It's not breaking news that 2009 was a miserable year for the American economy--unemployment spiked across the country, home foreclosures continued at high frequency, more Americans lost their health insurance and the ugly statistics go on and on. But the Census released figures today that put the economic struggles of Americans into stark perspective: the overall poverty rate climbed to 14.3%, or 43.6 million people, meaning that one in seven Americans is technically at or below the poverty line. There's no disputing the hardships faced by Americans, but what has been consistently debated is the best response to this economic crisis--Democrats, led by President Obama, have greatly expanded government assistance and welfare programs to assist the neediest Americans, while Republicans generally distrust the effectiveness of public spending. The chief of the Census Bureau's household economics division estimated that expanded unemployment benefits helped keep 3.3 million people out of poverty last year; what are the best policies for economic recovery going forward?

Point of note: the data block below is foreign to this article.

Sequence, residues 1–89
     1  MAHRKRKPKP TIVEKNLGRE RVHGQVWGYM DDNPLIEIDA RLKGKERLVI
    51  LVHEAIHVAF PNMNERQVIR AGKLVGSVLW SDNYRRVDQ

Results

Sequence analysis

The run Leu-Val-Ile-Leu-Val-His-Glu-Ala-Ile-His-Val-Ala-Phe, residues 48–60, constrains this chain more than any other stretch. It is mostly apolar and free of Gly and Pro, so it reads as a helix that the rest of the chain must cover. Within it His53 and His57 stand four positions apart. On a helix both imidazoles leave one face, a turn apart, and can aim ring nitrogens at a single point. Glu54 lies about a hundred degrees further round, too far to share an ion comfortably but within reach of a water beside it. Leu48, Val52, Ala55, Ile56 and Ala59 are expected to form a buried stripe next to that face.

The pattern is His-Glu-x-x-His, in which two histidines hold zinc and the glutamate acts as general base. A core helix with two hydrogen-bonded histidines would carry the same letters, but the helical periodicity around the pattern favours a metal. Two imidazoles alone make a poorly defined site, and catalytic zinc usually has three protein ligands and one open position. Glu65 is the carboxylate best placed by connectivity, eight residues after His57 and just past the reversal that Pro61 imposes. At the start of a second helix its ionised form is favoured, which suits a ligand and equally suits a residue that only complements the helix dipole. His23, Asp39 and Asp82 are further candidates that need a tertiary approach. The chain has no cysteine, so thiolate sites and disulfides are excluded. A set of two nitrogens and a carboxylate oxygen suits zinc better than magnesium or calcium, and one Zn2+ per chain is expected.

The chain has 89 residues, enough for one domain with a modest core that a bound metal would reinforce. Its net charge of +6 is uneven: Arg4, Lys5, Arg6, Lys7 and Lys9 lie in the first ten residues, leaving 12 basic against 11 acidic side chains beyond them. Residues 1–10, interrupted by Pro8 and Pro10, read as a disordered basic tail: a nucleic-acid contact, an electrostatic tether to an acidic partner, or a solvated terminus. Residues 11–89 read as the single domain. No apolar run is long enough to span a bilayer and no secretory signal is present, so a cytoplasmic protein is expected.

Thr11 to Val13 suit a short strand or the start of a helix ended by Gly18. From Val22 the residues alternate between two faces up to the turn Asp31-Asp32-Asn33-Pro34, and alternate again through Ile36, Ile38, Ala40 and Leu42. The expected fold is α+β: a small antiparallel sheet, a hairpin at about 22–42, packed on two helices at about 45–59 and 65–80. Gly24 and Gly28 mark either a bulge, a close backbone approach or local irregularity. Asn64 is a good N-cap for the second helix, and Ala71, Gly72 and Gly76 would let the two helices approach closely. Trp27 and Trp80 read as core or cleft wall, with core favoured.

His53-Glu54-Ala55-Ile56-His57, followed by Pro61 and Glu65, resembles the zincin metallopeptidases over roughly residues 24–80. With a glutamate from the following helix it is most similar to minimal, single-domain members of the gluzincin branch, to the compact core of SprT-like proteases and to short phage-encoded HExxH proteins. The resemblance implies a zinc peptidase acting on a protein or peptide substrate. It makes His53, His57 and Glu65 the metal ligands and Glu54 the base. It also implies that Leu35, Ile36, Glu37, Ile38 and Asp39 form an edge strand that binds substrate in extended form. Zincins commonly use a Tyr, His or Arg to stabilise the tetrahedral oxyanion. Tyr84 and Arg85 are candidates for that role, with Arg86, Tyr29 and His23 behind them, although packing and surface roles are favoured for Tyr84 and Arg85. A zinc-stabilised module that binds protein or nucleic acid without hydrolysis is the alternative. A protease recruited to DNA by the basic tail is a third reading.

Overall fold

Alicia Lara, Vice President of Community Investment for United Way
Douglas J. Besharov, Professor of public policy at the University of Maryland School of Public Policy, where he directs the school’s Welfare Reform Academy; former scholar at the American Enterprise Institute